The Blooms bought the property in 1992 but spent the next four years meticulously plotting out their home. They visited the land during every season so they could make sure it was placed in the perfect spot on the site. They also hired L.A.-based architect Frederick Fisher — known for his more modernist creations — to design their new architectural home.

“Fred Fisher had designed my art galleries,” says Bloom. “It was a no-brainer to hire him. He’s easy to work with, and he listens to what you want.”

One of Fisher’s first orders of business was siting the house so it took full advantage of the mountain and stream views. Recalls Fisher: “The only way to site the house was to walk the land, look for the best views and experience how the sun moves from morning to night. I triangulated the topography, view and the path of the sun with the intangibles of the site to arrive at the ‘sweet spot’ for the living room and laid it out from there.”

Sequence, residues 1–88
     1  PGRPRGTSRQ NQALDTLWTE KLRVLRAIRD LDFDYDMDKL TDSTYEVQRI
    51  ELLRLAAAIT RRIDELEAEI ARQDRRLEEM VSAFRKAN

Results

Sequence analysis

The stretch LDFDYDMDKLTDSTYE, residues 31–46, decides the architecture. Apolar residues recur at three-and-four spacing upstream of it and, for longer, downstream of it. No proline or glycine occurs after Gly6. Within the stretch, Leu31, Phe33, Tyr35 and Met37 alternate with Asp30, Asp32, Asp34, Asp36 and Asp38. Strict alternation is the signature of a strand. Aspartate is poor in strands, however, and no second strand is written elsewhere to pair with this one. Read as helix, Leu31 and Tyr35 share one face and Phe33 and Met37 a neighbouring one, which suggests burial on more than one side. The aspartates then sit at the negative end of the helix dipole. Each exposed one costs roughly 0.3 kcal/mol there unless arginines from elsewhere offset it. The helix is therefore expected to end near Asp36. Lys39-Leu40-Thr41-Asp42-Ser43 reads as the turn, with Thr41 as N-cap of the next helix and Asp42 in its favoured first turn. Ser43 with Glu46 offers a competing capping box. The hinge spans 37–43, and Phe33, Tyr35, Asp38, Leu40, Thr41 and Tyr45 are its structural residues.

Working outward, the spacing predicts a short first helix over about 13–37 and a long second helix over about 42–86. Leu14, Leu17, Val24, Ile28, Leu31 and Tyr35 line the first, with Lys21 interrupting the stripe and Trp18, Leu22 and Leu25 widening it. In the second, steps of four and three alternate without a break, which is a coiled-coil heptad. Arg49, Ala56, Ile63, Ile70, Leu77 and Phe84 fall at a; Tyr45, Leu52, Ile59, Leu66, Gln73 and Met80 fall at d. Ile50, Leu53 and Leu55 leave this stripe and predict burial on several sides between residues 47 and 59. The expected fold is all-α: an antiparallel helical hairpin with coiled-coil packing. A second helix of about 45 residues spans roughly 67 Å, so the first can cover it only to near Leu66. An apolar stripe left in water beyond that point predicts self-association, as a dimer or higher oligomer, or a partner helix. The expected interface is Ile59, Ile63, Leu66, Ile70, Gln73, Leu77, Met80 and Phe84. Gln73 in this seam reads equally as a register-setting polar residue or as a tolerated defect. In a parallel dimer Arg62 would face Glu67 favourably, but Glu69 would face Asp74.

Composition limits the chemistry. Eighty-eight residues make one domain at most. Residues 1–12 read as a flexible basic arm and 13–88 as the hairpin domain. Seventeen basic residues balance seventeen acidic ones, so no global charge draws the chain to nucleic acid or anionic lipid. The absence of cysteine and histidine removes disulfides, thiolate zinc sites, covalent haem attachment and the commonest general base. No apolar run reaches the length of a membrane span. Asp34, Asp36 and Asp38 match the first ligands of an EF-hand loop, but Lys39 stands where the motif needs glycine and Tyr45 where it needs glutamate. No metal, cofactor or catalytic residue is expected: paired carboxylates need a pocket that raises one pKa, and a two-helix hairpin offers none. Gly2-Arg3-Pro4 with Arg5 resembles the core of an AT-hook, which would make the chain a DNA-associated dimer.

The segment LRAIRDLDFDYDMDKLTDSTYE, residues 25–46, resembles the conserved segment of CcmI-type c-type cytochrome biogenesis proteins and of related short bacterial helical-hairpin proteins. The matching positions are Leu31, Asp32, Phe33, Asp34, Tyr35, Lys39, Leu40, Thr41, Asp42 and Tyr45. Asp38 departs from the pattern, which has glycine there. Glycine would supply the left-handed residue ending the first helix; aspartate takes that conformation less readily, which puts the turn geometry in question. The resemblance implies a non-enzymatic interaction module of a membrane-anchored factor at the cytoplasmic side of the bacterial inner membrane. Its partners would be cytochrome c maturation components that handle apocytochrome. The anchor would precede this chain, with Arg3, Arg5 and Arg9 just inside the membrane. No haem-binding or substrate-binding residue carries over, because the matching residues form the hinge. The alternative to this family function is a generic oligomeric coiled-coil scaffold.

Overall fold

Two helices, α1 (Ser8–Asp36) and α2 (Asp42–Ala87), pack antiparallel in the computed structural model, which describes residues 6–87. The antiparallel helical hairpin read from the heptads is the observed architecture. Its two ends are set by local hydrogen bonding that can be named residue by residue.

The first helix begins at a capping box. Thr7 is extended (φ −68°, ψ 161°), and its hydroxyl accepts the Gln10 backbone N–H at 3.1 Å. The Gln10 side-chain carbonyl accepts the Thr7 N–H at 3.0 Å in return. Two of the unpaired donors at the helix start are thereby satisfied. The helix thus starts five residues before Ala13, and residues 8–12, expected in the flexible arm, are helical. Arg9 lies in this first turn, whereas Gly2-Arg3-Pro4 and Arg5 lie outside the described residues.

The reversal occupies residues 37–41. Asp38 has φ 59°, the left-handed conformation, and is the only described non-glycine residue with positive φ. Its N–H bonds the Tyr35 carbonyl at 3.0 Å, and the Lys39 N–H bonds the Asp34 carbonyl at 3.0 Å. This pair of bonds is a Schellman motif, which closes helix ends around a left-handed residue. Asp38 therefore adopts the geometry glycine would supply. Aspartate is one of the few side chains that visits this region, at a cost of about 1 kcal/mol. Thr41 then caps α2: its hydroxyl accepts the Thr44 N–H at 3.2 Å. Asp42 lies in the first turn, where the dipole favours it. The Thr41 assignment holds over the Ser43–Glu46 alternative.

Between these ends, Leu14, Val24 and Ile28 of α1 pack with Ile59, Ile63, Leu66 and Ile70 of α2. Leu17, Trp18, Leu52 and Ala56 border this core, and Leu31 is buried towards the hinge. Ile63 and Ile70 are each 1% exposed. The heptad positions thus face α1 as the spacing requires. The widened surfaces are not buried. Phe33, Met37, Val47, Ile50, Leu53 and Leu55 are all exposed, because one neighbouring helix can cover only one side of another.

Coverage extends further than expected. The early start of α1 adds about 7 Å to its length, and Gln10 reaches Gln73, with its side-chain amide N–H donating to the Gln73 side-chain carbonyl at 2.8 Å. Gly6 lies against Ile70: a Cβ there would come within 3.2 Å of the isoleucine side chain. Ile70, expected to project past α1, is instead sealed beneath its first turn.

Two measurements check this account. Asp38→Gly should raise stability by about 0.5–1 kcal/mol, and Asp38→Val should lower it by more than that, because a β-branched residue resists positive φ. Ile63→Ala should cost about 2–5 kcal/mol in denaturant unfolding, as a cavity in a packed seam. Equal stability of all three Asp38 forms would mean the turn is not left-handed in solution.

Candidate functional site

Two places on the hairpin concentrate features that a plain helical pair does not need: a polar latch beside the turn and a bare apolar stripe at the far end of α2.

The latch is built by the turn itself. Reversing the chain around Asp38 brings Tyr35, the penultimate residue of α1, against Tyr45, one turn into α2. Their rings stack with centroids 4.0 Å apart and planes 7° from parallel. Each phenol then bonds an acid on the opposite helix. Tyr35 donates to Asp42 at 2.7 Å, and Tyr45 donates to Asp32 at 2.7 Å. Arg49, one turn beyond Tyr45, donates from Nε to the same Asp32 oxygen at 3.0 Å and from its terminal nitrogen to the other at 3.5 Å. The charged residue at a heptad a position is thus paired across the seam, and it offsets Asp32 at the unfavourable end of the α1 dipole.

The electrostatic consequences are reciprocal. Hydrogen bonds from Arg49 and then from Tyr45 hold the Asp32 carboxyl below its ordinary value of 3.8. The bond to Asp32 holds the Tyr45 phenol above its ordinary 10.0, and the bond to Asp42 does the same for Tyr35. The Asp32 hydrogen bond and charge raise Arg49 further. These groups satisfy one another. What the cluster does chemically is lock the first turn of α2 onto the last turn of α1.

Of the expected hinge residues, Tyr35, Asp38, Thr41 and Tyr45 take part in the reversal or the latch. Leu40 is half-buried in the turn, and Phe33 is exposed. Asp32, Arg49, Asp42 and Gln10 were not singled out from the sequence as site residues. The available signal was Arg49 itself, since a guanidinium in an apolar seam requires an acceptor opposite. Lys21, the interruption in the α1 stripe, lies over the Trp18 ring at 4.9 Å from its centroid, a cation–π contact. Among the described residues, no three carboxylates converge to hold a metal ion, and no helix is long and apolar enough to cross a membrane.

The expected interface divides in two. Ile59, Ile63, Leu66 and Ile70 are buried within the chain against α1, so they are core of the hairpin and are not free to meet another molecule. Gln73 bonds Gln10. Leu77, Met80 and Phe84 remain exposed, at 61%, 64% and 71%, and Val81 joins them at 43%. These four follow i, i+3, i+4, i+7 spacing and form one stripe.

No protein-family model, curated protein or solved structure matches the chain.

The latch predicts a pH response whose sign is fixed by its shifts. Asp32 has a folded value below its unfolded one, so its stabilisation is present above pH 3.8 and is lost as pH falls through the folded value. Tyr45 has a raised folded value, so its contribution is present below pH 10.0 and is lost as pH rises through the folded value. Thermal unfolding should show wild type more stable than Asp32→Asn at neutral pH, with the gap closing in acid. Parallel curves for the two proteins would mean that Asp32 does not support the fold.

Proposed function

The kitchen location was key, says Fisher, since the Blooms live, cook, work, relax and entertain in this space.

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“I like to get morning light in the kitchen but also sunset,” he explains. “Getting sunlight into the kitchen at all times of day led to the idea of a central courtyard. It is the key organizing element of the house. The court is a square oriented to the cardinal points, while the house is a ‘village’ of pavilions that cluster around the court in the picturesque fashion of a farm compound. We used century-old recycled mill wood to lend a rural authenticity.”